• Cobia are the only member of the family Rachycentridae in North America.
  • They grow up to 6 feet and 100 pounds and live up to 12 years.
  • They are able to reproduce when they are young—females mature at age 3 and males mature at age 2.
  • Cobia spawn in coastal bays and estuaries several times throughout their spawning season, which lasts from late June to mid-August in the Southeast and from late summer to early fall in the Gulf of Mexico. Females release between 375,000 and 2 million eggs each time they spawn.
  • They are strong, aggressive predators, mainly feeding on crustaceans but also fish and squid. Larger pelagic fish prey on young cobia.
King Mackerel
  • King mackerel grow fast, up to 5 ½ feet and 100 pounds.
  • They can live more than 20 years.
  • They are able to reproduce when they reach 2 years of age.
  • There are two distinct populations, one in the Gulf of Mexico and one in the Atlantic.
  • They spawn on the outer continental shelf from May through October. Females release eggs in the open water, where they are fertilized.
  • Females grow much larger than males, an evolutionary strategy that maximizes the amount of eggs that a female can produce. Females can produce 50,000 to several million eggs.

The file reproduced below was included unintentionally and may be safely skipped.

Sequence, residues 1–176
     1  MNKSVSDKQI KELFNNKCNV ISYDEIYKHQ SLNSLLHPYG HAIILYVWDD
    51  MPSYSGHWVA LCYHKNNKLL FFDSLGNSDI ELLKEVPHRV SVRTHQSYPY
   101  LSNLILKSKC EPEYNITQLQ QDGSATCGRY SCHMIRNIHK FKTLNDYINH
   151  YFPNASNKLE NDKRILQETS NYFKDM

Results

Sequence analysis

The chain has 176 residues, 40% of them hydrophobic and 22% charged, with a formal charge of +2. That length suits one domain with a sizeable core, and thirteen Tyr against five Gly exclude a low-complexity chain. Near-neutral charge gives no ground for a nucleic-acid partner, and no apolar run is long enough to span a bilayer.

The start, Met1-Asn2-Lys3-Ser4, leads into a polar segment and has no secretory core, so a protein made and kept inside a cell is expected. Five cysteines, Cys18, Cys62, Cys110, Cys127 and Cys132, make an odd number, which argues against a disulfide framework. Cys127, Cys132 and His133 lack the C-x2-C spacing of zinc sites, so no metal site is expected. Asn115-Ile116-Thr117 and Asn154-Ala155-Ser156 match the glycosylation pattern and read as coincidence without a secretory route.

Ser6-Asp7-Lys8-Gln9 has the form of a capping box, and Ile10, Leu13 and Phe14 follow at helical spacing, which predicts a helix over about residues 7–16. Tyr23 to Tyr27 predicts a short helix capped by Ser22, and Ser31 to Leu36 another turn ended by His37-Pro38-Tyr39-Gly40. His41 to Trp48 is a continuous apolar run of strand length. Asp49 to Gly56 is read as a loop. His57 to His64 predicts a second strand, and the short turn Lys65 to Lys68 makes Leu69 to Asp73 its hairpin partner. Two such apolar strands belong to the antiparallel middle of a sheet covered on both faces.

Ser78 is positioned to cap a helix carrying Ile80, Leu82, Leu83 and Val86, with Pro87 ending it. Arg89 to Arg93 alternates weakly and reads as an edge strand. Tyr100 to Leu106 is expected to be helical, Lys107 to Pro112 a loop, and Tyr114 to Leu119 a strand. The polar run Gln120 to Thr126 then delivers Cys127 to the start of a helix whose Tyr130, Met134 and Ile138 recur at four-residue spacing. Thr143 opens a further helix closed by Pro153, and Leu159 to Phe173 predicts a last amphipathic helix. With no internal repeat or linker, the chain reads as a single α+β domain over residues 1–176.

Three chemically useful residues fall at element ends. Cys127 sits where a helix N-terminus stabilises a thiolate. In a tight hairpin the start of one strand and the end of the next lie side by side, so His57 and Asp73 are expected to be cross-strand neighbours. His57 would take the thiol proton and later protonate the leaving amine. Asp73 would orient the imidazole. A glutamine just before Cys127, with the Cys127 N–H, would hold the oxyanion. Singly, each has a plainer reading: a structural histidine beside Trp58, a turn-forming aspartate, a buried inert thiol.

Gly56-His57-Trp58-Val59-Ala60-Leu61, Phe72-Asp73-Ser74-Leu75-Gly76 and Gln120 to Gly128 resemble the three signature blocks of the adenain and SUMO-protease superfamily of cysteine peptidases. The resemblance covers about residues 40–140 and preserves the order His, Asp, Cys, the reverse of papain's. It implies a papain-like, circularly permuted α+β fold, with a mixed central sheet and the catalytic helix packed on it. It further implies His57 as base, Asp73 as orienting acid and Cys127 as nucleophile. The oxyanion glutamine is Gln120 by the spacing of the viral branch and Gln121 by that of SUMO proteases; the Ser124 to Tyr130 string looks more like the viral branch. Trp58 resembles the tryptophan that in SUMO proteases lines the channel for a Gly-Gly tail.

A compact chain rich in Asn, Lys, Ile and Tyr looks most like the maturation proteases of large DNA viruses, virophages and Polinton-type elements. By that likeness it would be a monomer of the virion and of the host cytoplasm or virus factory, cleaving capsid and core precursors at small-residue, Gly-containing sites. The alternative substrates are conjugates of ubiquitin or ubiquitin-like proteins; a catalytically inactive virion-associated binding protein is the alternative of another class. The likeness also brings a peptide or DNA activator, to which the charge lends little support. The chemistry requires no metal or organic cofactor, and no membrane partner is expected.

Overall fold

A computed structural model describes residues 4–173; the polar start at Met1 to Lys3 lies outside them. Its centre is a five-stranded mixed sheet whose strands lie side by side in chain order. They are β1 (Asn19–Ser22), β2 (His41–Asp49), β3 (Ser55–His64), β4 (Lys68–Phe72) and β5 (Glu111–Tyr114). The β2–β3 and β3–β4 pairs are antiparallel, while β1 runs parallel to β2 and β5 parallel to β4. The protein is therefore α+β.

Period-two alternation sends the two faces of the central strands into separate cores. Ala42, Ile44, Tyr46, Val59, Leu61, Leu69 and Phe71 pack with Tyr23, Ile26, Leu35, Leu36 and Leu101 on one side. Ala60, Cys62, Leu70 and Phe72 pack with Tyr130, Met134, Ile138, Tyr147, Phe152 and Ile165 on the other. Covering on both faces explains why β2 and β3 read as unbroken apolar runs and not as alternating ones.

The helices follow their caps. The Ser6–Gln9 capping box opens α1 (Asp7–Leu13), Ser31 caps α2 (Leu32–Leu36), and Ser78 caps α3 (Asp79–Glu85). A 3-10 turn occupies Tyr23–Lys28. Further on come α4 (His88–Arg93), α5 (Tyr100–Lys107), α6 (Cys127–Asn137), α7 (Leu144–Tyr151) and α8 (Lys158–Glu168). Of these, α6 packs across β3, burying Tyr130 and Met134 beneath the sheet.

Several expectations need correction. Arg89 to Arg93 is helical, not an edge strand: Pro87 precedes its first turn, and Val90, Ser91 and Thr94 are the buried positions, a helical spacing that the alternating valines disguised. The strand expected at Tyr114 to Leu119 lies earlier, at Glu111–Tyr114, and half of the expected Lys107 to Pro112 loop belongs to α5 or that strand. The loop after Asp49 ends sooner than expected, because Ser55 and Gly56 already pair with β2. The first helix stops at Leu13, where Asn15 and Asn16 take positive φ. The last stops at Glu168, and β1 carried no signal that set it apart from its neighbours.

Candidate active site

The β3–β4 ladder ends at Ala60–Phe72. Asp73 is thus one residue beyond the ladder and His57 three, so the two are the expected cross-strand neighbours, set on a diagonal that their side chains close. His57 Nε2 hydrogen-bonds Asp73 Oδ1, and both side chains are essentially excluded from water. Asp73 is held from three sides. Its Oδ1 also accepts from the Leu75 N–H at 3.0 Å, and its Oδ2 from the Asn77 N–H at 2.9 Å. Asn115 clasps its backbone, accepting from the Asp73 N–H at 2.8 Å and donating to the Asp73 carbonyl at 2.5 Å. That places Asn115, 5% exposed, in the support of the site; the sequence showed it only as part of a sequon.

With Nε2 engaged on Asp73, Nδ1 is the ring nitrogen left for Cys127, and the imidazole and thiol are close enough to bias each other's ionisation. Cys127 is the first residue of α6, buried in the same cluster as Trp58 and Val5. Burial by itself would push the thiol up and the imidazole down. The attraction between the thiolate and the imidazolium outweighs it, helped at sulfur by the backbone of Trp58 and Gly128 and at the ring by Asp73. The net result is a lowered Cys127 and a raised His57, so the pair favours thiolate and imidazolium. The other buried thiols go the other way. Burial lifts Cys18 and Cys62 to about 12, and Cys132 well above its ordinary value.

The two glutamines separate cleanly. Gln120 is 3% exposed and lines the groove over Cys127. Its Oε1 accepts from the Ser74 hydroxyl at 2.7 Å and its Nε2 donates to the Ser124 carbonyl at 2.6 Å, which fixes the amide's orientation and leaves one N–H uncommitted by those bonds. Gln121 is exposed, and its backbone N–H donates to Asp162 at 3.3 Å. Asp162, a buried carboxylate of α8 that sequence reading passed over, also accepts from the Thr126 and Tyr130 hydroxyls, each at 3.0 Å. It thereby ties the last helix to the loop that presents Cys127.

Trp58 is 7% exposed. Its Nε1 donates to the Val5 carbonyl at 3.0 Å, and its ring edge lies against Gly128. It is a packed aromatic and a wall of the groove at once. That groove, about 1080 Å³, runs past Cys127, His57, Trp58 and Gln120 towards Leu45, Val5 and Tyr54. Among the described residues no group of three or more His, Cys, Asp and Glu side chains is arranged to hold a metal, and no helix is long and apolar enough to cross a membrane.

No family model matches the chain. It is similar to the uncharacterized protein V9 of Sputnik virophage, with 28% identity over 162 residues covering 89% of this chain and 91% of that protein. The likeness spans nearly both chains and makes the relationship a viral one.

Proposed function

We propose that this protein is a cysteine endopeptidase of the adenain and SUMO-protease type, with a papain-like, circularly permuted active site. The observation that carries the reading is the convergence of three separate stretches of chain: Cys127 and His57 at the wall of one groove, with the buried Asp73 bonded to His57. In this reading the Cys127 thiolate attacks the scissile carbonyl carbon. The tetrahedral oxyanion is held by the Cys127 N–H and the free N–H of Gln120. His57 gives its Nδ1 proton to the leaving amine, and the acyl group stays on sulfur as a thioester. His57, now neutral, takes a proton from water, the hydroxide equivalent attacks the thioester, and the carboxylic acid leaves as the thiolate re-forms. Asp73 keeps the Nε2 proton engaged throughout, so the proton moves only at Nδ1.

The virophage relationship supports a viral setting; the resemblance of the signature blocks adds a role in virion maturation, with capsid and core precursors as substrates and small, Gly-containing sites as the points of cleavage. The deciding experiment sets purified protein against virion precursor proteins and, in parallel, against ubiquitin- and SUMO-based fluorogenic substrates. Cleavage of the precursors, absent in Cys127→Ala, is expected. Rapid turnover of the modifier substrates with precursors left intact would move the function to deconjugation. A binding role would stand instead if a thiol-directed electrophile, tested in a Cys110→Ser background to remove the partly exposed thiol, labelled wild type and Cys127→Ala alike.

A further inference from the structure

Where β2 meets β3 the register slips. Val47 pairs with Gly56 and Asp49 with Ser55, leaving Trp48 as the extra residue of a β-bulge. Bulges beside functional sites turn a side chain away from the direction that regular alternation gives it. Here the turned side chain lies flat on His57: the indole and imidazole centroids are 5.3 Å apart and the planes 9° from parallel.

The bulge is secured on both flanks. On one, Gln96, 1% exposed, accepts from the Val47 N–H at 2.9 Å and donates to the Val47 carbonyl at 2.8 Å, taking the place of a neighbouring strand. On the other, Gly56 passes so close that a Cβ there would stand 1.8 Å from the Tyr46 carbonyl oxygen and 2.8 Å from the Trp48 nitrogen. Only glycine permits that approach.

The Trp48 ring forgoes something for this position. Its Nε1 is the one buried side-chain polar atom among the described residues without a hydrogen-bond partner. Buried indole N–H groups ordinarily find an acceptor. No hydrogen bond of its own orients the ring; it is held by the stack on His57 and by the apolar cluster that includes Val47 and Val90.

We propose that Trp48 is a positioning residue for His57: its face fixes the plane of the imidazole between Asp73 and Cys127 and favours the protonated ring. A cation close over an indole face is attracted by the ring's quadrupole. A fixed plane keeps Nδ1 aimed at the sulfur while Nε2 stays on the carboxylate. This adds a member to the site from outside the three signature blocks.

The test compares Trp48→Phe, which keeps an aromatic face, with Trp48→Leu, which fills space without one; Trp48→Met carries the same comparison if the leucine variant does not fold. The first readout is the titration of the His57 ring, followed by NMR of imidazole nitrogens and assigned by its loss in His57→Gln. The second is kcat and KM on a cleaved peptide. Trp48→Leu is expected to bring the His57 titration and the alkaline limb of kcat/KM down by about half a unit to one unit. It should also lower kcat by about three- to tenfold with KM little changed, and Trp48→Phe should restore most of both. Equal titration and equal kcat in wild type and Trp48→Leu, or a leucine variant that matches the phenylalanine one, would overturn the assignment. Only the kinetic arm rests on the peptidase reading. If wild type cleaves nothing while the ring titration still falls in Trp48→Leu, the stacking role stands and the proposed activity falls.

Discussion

• King mackerel are carnivores, feeding on fish, squid, and shrimp. They’re voracious feeders and have been observed leaping out of the water in pursuit of prey.
  • Juvenile and larger pelagic fish feed on smaller king mackerel. Bottlenose dolphins and large fish, such as sharks and tunas, feed on adult king mackerel. 
Red snapper
Red Snapper
  • Red snapper grow at a moderate rate, and may reach 40 inches long and 50 pounds.
  • They can live a long time—red snapper as old as 57 years have been reported in the Gulf of Mexico and as old as 51 years in the South Atlantic.
  • Females are able to reproduce as early as age 2.
  • Males and females spawn from May to October, depending on their location.
  • Red snapper feed on fish, shrimp, crab, worms, cephalopods (octopus or squid), and some plankton (tiny floating plants and animals).
  • Young red snapper are food for the large carnivorous fish that share their habitat, such as jacks, groupers, sharks, barracudas, and morays.
  • Large marine mammals and turtles also eat snapper.
Illustration of a lane snapper showing important characteristics
Lane Snapper

Size: Usually less than 14 inches (1 pound)

Coastal waters near structure. Most common in south Florida. Juveniles found inshore over grass beds or shallow reefs.  


Spawn March to September. Sexually mature at 6 inches. Feed on the bottom, eating crustaceans, mollusks, and fish.

Mangrove Snapper

Size: Offshore catches common to 10 pounds.

Where Found: Juveniles inshore in tidal creeks, mangroves, and grass beds; adults generally nearshore or offshore on coral or rocky reefs.

Greater Amberjack

Where Found: Offshore species associated with rocky reefs, debris, and wrecks, typically in 60-240 feet of water; sometimes caught nearshore in south Florida; juveniles associate with floating objects and may occur in water less than 30 feet deep.

Size: Common to 40 pounds.